Nanosuspensions are colloidal dispersions and biphasic system consisting of drug particles dispersed in an aqueous medium in which the diameter of the suspended particles is less than 1 μm in size [9, 10]. Nanosuspension can be produced by an appropriate size-reduction method and stabilized by a suitable stabilizer [8, 11, 12].

According to Noyes–Whitney and Ostwald–Freundlich principles, the particle size in the nanometer range can lead to increased dissolution velocity and saturation solubility for a nanosuspension, which is usually accompanied by an increase in bioavailability [8, 13, 14].

Nanosuspensions can be prepared by two methods, namely, “bottom up technology” and “top down technology” [15]. Bottom up technology is a method to form nanoparticles like precipitation, microemulsion, and melt emulsification methods. Top down technology involves the disintegration of larger particles into nanoparticles, examples of which are high-pressure homogenization and milling methods [1618].

In bottom up technology, the nanoprecipitation method presents numerous advantages, as being a straightforward technique and being rapid and easy to perform. The drug is dissolved in a solvent, which is then added to nonsolvent that causes precipitation of the fine drug particles [19]. Nanosuspension of Danazol, Naproxen, and zaltoprofen has been prepared by precipitation technique to improve their dissolution rate and oral bioavailability [1, 20, 21]. The solubility and dissolution rates as well as the antioxidant of curcumin nanoparticles prepared by antisolvent method were significantly higher than those of the original curcumin [22]. Nitrendipine, furosemide, and acyclovir nanosuspensions to enhance the drug dissolution rate and oral bioavailability were prepared by the precipitation-ultrasonication method [2325]. Controlled nanoprecipitation by pH-shift method has been also reported [8, 26].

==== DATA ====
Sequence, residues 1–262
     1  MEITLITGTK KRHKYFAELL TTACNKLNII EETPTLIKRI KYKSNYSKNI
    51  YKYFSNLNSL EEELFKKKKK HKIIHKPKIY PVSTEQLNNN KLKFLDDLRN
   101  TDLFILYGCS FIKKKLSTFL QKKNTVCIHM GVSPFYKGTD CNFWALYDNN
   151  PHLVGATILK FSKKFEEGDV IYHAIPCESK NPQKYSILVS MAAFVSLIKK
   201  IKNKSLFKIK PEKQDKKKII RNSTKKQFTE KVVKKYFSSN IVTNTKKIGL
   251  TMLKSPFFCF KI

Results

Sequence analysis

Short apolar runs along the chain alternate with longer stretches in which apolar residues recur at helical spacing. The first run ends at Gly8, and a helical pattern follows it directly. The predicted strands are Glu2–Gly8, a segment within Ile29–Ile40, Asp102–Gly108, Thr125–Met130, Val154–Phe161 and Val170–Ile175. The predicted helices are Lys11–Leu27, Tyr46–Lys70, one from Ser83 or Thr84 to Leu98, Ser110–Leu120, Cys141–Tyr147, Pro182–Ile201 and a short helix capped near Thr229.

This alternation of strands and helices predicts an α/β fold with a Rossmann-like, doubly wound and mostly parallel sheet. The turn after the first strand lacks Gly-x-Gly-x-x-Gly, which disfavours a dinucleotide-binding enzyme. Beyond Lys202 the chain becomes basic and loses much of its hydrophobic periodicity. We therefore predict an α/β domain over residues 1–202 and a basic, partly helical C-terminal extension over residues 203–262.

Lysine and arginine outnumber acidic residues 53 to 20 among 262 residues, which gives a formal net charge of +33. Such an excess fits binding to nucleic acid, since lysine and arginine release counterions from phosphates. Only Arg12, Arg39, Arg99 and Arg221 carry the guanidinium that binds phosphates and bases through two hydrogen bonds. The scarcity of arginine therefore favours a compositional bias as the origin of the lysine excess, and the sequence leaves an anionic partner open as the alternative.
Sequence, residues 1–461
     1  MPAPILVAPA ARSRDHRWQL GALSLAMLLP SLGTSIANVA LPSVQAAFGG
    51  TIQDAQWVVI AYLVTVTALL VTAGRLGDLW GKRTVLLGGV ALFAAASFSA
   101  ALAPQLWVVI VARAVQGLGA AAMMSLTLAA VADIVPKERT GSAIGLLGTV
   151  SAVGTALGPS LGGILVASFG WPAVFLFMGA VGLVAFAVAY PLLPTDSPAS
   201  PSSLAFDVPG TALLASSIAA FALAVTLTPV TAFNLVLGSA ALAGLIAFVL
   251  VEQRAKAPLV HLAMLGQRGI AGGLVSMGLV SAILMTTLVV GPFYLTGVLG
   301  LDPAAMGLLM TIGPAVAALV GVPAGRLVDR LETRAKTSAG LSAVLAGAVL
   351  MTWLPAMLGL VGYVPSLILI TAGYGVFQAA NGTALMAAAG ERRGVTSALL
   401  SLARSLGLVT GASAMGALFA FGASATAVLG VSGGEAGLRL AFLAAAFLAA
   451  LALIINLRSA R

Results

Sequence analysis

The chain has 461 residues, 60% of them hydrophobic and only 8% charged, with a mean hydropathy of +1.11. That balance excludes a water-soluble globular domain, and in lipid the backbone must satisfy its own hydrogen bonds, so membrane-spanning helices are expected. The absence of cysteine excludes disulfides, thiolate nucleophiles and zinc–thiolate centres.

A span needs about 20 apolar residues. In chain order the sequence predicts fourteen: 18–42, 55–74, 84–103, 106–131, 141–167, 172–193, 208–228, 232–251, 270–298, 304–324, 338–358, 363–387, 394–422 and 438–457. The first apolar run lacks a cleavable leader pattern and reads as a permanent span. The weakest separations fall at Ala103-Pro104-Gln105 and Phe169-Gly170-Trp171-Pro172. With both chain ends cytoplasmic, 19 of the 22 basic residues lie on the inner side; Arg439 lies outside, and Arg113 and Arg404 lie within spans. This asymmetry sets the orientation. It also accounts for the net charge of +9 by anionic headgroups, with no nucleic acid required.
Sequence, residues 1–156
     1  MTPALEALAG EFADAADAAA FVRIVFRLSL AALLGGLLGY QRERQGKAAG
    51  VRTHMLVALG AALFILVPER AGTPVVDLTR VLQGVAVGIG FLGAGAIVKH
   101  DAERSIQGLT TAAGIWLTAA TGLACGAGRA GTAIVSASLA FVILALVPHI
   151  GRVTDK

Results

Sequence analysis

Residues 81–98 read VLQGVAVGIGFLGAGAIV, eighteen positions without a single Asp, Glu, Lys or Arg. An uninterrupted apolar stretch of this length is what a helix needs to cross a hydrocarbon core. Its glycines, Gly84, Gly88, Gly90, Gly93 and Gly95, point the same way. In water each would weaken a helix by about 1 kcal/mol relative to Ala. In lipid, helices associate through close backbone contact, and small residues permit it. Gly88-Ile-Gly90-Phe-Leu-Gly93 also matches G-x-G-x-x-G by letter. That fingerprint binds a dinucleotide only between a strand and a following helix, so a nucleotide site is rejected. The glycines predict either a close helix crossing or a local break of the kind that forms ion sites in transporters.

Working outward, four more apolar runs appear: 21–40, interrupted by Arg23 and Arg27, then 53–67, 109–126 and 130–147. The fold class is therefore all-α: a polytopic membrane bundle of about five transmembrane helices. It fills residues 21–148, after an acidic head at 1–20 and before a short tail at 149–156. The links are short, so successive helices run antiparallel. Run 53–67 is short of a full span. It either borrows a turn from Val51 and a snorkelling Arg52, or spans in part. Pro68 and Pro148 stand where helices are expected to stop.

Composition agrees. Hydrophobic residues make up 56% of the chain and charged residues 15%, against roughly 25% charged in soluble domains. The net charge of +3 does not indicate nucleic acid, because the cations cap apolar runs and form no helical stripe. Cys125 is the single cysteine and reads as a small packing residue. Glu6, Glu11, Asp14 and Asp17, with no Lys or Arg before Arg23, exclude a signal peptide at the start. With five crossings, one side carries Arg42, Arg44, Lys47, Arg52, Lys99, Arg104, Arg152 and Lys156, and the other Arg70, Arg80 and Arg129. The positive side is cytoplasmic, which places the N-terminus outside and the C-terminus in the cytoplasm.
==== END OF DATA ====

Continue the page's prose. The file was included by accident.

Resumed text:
Etodolac (ET) is a nonsteroidal anti-inflammatory (NSAI) drug prescribed for the treatment of acute pain, osteoarthritis, and rheumatoid arthritis at an oral dose of 200 mg twice daily [2730]. Recent studies have proved that ET has antitumor effect on different human cancer cells [31, 32]. ET is one of the selective COX-2 inhibitors; it possesses 10-fold COX-2 selectivity over COX-1 [32, 33]. COX-2 inhibitors are responsible for the production of prostaglandins which is involved in cytoprotection of gastric mucosa and regulation of the renal blood flow. Thus, ET safely treats inflammatory disorders without causing gastric irritation, ulceration, or bleeding [33, 34].

ET is administered as a racemate. Both enantiomers are stable and there is no evidence of R- to S-conversion in vivo [35]. Similar to other NSAIDs, the drug is highly plasma protein bound (>99% bound, primarily to albumin) and undergoes virtually complete biotransformation to oxidized metabolites and acyl-glucuronides. ET is well absorbed, with maximal plasma concentrations attained within 1 to 2 hours in healthy volunteers. The area under the plasma concentration-time curve of racemic ET increases linearly with doses used clinically. The elimination half-life of ET is between 6 and 8 hours in plasma and is similar for both enantiomers.